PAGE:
Bruno Mars “24K Magic” (2016)

     Some artists are so charismatic and entertaining to watch perform live, that a studio album doesn’t necessarily capture their full power as an artist.  I think that might be my take on Bruno Mars and his album “24K Magic”.  There are two phenomenal hits, the title track in particular, and some other decent songs on this record, but for me, the magic of Bruno Mars will always be best defined by his multiple appearances in the Super Bowl Halftime Show.  Since I have seen him there, any other artist has failed to measure up on that same stage. 

     Riding the wave of the massive hit “Uptown Funk”, which was actually a Mark Ronson song featuring Bruno Mars, this 2016 album and its equally high energy title track reinforced Bruno Mars as the modern-day version of James Brown, Michael Jackson and Prince all merged into one.  His blend of sweet and soulful vocals with an always-present posse of dancing masters made for an audio-visual burst of entertainment, and clubs and radios alike were overwhelmed with interest for this song.  No matter how many times I hear this song or its predecessor “Uptown Funk”, (which is not on this album, just to clarify) I always smile and tend to reach for the volume button. 

     “That’s What I Like” slows down the pace half a beat, but is another big hit delivered in the same style, with similar effect.  The other singles, “Versace on the Floor”, “Chunky” and “Finesse” are less impactful, and honestly, there isn’t too much else on this relatively short (33 minute) album to get excited about, as they are pretty basic pop songs, but the entire record is still a fun play and is probably a dozen times more enjoyable performed live.

     I will keep an open mind every year as I watch the Super Bowl, but until I see otherwise, Bruno Mars will always be the unquestioned king of the Halftime Show, and this collection of hits he strung together makes him one of the most enjoyable and dazzling performers of the last decade.

Drake “Views” (2016)

     Up until recently, I only really knew three things about Drake.  One, he sold and/or streamed a ton of songs in the past decade.  Two, he really likes basketball, and three, I have always known him primarily for his song “Hotline Bling”, which has been a favorite of mine since it was released.  When I started listening to his 2016 album “Views”, I didn’t know that this would be the record where I was reunited with “Hotline Bling”, but I’m glad it was.  In general, I think I enjoyed this record more than the last one we discussed, “Take Care”.  It is still primarily low-fi R&B with a hip-hop flavor, and there are some pretty dark songs on here about relationship failures and breakdowns, but I enjoyed this album more than I expected.

     The record opens with a solid vibe, on the song “Keep the Family Close”.  It starts off with a pretty light and chill feel, but both words and music get much more intense as the song builds.  “Feel No Ways” has a phenomenal beat, and looking back, I’m very surprised this catchy tune wasn’t one of the five singles from the record.  For obvious reasons, I definitely feel an affinity for “Weston Road Flows”, and it has a fairly hypnotic back-track sample that feeds into Drake’s hip-hop side.  “With You” features another Canadian R&B singer, PARTYNEXTDOOR, and I really enjoyed the blend of their vocals and the songwriting on this track.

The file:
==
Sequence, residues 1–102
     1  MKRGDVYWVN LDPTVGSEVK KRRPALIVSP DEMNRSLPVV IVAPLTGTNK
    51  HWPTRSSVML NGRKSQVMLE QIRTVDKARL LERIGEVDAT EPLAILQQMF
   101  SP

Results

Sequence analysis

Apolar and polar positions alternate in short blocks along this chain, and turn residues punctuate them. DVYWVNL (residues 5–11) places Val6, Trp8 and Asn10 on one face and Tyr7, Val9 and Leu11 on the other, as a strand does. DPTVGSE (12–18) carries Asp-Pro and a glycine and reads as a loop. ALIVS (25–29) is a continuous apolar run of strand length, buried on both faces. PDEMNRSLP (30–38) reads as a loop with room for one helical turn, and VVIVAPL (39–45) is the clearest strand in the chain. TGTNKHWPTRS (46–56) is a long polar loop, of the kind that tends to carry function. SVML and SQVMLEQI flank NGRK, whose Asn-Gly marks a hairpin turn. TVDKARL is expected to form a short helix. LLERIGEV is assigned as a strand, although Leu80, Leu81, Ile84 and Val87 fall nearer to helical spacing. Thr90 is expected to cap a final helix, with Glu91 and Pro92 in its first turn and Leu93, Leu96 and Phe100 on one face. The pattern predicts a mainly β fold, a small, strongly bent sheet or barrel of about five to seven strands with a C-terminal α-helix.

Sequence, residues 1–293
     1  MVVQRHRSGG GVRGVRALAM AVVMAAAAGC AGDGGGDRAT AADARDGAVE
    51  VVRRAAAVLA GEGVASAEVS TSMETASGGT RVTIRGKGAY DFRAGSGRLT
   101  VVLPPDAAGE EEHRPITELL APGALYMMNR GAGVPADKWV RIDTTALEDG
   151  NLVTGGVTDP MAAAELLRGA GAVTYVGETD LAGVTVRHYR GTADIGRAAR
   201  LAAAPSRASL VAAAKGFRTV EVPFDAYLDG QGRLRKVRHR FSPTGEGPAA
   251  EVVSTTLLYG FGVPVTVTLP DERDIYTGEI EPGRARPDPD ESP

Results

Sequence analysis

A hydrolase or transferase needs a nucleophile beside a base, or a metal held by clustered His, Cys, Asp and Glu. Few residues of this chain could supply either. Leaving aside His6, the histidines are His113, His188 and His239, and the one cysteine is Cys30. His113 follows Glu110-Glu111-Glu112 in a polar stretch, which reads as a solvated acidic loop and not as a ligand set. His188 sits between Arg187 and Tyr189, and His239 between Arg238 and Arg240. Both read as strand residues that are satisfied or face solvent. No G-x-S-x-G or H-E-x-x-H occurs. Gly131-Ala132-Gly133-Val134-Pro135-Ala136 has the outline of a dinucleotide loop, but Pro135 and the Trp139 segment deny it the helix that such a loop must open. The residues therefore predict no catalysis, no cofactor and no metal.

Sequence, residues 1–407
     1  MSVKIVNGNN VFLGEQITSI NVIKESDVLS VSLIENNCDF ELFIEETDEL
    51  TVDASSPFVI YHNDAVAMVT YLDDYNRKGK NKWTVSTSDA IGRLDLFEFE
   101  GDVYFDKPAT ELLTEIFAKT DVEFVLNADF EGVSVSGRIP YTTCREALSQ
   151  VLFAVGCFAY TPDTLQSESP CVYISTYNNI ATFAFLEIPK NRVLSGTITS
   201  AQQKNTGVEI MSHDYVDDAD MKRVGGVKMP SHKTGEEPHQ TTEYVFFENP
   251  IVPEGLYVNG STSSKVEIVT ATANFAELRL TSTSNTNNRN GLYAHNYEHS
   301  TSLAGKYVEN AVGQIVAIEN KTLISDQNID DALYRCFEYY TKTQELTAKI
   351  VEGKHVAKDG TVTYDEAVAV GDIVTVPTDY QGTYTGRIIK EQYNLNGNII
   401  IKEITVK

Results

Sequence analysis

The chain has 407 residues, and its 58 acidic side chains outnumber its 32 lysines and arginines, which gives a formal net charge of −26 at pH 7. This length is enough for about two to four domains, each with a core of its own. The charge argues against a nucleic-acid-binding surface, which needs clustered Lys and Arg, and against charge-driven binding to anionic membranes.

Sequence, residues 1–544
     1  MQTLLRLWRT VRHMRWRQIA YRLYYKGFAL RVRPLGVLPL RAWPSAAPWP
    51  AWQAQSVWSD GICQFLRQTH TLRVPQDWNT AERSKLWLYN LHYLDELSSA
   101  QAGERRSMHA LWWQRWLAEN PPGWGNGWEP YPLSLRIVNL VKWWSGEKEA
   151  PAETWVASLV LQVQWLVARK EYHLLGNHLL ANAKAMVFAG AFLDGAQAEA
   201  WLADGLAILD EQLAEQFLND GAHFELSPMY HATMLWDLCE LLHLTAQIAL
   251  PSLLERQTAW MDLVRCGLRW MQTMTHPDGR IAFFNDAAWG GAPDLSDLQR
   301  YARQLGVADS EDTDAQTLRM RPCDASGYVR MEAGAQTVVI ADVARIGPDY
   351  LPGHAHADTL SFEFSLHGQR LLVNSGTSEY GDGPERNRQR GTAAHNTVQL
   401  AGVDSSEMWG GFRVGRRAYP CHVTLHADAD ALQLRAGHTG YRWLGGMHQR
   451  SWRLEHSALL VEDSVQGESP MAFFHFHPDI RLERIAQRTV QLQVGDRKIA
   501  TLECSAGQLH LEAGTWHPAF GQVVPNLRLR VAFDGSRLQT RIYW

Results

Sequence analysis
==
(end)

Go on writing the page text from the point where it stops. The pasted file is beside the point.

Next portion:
“Hotline Bling” brings back some funny memories laughing at and enjoying this song at the same time.  It even provided the fuel for one of the more bizarre covers by my favorite glam rock band, the Struts.  It remains the most memorable standout song of this record, and one of my favorite songs of the last ten years.  I’m glad I got another dose of Drake, and I’m sure I will be giving him a few more streams on my playlist, as if he needs any more commercial success.

“I know when that hotline bling, that can only mean one thing…”

Frank Ocean “Blonde” (2016)

     I have invested some extra time trying to make sense of today’s album, “Blonde” by Frank Ocean.  It is a very highly regarded concept album, compared by some to “Pet Sounds” by the Beach Boys, and is rated #79 on Rolling Stone’s Top 500 Greatest Albums of All Time.  I won’t ever reach that level of affection for this record, and it is a bit of a challenging listen, but like almost all of these records, I found some nuggets I enjoyed.

     Frank Ocean is a talented and soulful singer who has thrived across multiple genres in the past decade.  For this record, there is a lot of electronic distortion and reproduction of his voice, and on some songs, it works, and on others, I find it a bit annoying.  I love how it opens the lead single and first track on the record, “Nikes”.  Yet, on the very next song, “Ivy”, his voice is inexplicably transformed into Phyllis Diller in a S&M machine at the end of the song, and there is nothing I yield from that whatsoever.